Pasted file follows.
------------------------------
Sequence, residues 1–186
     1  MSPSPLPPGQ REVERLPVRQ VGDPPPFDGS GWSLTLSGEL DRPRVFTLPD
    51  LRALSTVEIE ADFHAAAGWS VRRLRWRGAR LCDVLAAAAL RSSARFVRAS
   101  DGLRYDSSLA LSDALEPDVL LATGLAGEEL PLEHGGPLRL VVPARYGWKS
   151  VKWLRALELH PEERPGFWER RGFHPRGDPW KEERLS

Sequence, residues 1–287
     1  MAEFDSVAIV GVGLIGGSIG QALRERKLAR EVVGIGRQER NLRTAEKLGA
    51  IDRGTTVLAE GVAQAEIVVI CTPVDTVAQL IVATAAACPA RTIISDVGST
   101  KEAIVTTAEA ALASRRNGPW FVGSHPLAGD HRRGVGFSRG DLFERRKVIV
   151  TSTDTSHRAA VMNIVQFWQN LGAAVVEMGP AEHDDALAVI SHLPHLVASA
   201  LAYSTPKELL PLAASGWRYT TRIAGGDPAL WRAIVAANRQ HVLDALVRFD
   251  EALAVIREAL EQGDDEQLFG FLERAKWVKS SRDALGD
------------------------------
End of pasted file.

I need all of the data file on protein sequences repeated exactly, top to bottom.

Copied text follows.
Sequence, residues 1–186
     1  MSPSPLPPGQ REVERLPVRQ VGDPPPFDGS GWSLTLSGEL DRPRVFTLPD
    51  LRALSTVEIE ADFHAAAGWS VRRLRWRGAR LCDVLAAAAL RSSARFVRAS
   101  DGLRYDSSLA LSDALEPDVL LATGLAGEEL PLEHGGPLRL VVPARYGWKS
   151  VKWLRALELH PEERPGFWER RGFHPRGDPW KEERLS

Sequence, residues 1–287
     1  MAEFDSVAIV GVGLIGGSIG QALRERKLAR EVVGIGRQER NLRTAEKLGA
    51  IDRGTTVLAE GVAQAEIVVI CTPVDTVAQL IVATAAACPA RTIISDVGST
   101  KEAIVTTAEA ALASRRNGPW FVGSHPLAGD HRRGVGFSRG DLFERRKVIV
   151  TSTDTSHRAA VMNIVQFWQN LGAAVVEMGP AEHDDALAVI SHLPHLVASA
   201  LAYSTPKELL PLAASGWRYT TRIAGGDPAL WRAIVAANRQ HVLDALVRFD
   251  EALAVIREAL EQGDDEQLFG FLERAKWVKS SRDALGD